Care Skillsbase: Skills Check 37 Person-centred Care and Support

Loading....

Loading....

Loading....

Loading....

Loading....

Full text

(1)

Person-centred Care and Support v1.0 | Copyright SCIE 2012 | www.scie.org.uk/careskillsbase

Care Skillsbase: Skills Check 37

Person-centred Care and Support

Interviewer’s pack

Contents

 Skills Check activity (England and Wales)

 Skills Check activity (Northern Ireland)

 Feedback form

 Personal development form

Summary

Suitable for

Care/support worker

Skill checked

Reading

Covers

Language and concepts associated with person-centred care

Learning for

interviewer

Can the member of staff understand written information on

person-centred care?

Learning for member

of staff

Language and concepts associated with person-centred care,

including Common Induction Standard 7, contrast with

task-focused care, care plans

Approx time needed

Total: 30 minutes (15 minutes for Skills Check and 15 minutes

for feedback)

How it works

Offers information about person-centred care and asks

‘tick-box’ reading comprehension questions. Discuss the person’s

answers to check understanding.

Before you start

Read the general guidance in the Skills Check area of the

Care Skillsbase website.

We welcome suggestions to improve this Skills Check. Please use the contact

form on our website at www.scie.org.uk/careskillsbase

(2)

Understand the Job: Person-centred Care and Support

SC37 v1.0 | Copyright SCIE 2012

Effective communication is vital in health and social care. Use this activity to learn more about the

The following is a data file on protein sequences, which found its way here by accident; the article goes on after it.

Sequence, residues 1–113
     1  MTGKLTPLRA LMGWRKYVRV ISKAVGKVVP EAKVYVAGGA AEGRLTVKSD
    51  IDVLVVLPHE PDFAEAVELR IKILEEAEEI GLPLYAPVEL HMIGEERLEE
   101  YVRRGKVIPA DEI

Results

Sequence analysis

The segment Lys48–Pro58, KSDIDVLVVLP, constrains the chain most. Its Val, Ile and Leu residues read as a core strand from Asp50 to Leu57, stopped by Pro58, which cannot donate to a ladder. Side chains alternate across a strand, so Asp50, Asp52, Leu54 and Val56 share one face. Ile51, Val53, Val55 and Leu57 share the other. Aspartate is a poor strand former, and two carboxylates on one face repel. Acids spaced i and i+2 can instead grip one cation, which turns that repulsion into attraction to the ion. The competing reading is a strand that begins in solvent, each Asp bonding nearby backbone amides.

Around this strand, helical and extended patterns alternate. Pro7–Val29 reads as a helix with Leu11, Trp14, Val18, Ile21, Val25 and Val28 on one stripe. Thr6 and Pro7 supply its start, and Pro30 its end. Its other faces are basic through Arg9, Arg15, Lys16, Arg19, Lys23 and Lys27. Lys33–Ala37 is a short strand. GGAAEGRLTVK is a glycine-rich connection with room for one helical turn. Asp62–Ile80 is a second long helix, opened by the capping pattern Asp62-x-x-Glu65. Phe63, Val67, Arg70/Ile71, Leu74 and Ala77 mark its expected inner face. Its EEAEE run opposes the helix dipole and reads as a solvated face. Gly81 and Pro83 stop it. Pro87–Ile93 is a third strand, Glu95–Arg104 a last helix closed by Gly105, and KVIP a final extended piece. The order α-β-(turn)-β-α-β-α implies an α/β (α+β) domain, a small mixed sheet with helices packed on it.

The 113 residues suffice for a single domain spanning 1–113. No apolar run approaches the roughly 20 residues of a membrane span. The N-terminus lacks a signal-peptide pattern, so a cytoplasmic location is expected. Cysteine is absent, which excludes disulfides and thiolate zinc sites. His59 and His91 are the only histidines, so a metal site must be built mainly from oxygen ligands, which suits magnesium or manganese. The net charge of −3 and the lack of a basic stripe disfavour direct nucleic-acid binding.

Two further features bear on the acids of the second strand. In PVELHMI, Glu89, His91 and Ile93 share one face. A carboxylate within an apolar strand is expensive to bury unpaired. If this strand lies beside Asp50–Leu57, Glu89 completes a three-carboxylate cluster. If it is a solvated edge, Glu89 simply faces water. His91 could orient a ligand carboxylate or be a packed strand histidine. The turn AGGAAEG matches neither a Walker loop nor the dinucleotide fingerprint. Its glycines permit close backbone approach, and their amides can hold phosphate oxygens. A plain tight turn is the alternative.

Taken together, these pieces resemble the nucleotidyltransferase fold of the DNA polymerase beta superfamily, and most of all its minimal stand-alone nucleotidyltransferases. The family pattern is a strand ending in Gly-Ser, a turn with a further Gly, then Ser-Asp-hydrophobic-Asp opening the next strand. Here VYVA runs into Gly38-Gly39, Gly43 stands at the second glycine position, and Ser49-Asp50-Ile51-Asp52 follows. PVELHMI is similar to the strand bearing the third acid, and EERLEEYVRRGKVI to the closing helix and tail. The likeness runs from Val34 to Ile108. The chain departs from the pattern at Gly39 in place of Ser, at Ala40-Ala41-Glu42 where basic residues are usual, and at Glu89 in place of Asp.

communication skills you will be using in your job.

First, write your name and today’s date on the line below.

(First name) (Last name) (Date: Day-Month-Year)

...

1. Did you know?

In adult social care, we try to treat each person we care for as a unique individual. We call this approach person-centred care. Common Induction Standard 7 (CIS 7) sets out what care workers need to know about person-centred care, including how to

• promote person-centred values (such as dignity and respect) • work in a person-centred way

• help individuals participate in life as actively as possible • support an individual’s right to make choices, and

• promote an individual’s spiritual and emotional wellbeing.

CIS 7 also covers what care workers should know about recognising signs of dementia.

2. Person-centred or task-focused?

In the daily rush of work, it is all too easy to focus more on getting through our list of tasks than on the individuals we are there to help. This is understandable, but it is not the way care should be. Below are some comments from care workers. Decide whether they are person-centred or task-focused. The first has been done for you as an example.